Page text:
Hack Your Organizational Problems

“Hackathons” are cool. But who knows what they really are and how they work?  This makes them ideal things for clueless managers to do poorly. But if we take a little time to understand their “why” and “how” they do represent a potentially useful organizational form that could have a positive impact on sclerotic, inertia bound institutions. For higher educational organizations they have special potential for moving beyond “we tried that 5 years ago” and “not invented here” and for making actual interdisciplinary teams actually effective and the experience of working on institutional problems inspiring instead of demoralizing.
This post from InnovationManagement.se is a good starting point because of how it manages to convey the essence of hackathoning outside the context of coding.
That essence is group process bound in space and time that focuses effort on well defined challenges in a short, structured design sprint.  The elements are important:
  • space/time
  • defined chalenge
  • structured process.
Especially the last. Read more at InnovationManagement.se

Toward Disruption of Disruption

Disruption’s a magical buzzword these days, uncritically seized upon wherever you go. Far more than it ever was with new technologies, anyone who raises questions is an obvious counter-revolutionary, a luddite, a fan of the inefficient status quo. There’s precious little quality critical thinking around innovations like taxi apps, selling restaurant reservations, and market regulation – most of the discourse is either bandwagon fandom or knee-jerk anti-ism. Lepore, more a cultural than economic historian, seems to get the organizational and economic sociology of disruption and contributes a useful bit of provocation into an otherwise too often one-sided conversation.

From The New Yorker



What the gospel of innovation gets wrong.

BY JUNE 23, 2014

In the last years of the nineteen-eighties, I worked not at startups but at what might be called finish-downs. Tech companies that were dying would hire temps—college students and new graduates—to do what little was left of the work of the employees they’d laid off. This was in Cambridge, near M.I.T. …. We’d work a month here, a week there. There wasn’t much to do. Mainly, we sat at our desks and wrote wishy-washy poems on keyboards manufactured by Digital Equipment Corporation, left one another sly messages on pink While You Were Out sticky notes, swapped paperback novels—Kurt Vonnegut, Margaret Atwood, Gabriel García Márquez, that kind of thing—and, during lunch hour, had assignations in empty, unlocked offices. At Polaroid, I once found a Bantam Books edition of “Steppenwolf” in a clogged sink in an employees’ bathroom, floating like a raft. “In his heart he was not a man, but a wolf of the steppes,” it said on the bloated cover. The rest was unreadable.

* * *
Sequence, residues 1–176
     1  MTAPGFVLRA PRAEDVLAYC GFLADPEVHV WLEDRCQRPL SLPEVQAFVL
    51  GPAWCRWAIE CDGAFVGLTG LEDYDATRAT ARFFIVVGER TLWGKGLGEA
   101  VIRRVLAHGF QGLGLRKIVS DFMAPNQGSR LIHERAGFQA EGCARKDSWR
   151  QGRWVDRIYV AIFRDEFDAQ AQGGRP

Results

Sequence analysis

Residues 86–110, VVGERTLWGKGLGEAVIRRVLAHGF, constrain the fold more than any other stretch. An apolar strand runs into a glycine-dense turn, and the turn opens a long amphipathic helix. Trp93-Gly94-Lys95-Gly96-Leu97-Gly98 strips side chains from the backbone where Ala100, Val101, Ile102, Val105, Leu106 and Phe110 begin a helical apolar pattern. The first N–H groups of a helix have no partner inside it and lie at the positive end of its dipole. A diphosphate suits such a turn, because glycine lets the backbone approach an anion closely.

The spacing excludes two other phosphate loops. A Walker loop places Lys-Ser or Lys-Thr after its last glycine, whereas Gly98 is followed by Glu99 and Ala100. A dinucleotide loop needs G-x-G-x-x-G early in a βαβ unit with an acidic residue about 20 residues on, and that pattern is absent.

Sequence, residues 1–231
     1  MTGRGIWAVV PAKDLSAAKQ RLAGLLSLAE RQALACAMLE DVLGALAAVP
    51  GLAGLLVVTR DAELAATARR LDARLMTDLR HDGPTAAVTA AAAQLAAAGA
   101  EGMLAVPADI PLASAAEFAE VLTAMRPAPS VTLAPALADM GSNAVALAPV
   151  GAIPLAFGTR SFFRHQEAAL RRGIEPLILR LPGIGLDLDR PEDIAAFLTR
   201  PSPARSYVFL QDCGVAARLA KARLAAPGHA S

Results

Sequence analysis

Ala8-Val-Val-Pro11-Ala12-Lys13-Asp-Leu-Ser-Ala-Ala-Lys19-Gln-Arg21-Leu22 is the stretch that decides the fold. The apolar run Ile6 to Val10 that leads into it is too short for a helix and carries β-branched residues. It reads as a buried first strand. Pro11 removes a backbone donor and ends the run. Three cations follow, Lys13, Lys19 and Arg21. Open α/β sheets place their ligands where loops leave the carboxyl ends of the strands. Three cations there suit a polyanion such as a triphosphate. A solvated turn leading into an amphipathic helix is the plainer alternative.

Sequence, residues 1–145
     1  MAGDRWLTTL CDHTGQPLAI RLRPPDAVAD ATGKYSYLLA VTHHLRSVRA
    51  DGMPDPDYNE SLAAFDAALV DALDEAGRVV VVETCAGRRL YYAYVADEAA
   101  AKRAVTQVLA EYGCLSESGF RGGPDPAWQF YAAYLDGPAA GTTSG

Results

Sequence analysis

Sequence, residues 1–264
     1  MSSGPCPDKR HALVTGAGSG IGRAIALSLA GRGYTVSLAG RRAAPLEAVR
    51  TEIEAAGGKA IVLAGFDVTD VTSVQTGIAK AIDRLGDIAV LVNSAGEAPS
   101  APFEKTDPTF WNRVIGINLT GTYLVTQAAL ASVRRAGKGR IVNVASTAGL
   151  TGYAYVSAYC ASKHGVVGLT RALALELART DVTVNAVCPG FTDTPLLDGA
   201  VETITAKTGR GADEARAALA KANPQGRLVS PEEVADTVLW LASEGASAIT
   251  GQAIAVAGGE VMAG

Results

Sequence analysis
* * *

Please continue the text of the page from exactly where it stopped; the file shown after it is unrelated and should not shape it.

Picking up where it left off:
Porter was interested in how companies succeed. … Clayton M. Christensen… was interested in why companies fail. In his 1997 book, “The Innovator’s Dilemma,” he argued that, very often, it isn’t because their executives made bad decisions but because they made good decisions, the same kind of good decisions that had made those companies successful for decades. (The “innovator’s dilemma” is that “doing the right thing is the wrong thing.”)

In “The Innovative University,” … Christensen and Eyring wrote, “will allow us to move beyond the forlorn language of crisis to hopeful and practical strategies for success.” … Christensen and Eyring’s recommendations for the disruption of the modern university include a “mix of face-to-face and online learning.” The publication … in 2011, contributed to a frenzy for Massive Open Online Courses…. Shortly afterward, the University of Virginia’s panicked board of trustees attempted to fire the president, charging her with jeopardizing the institution’s future by failing to disruptively innovate with sufficient speed….

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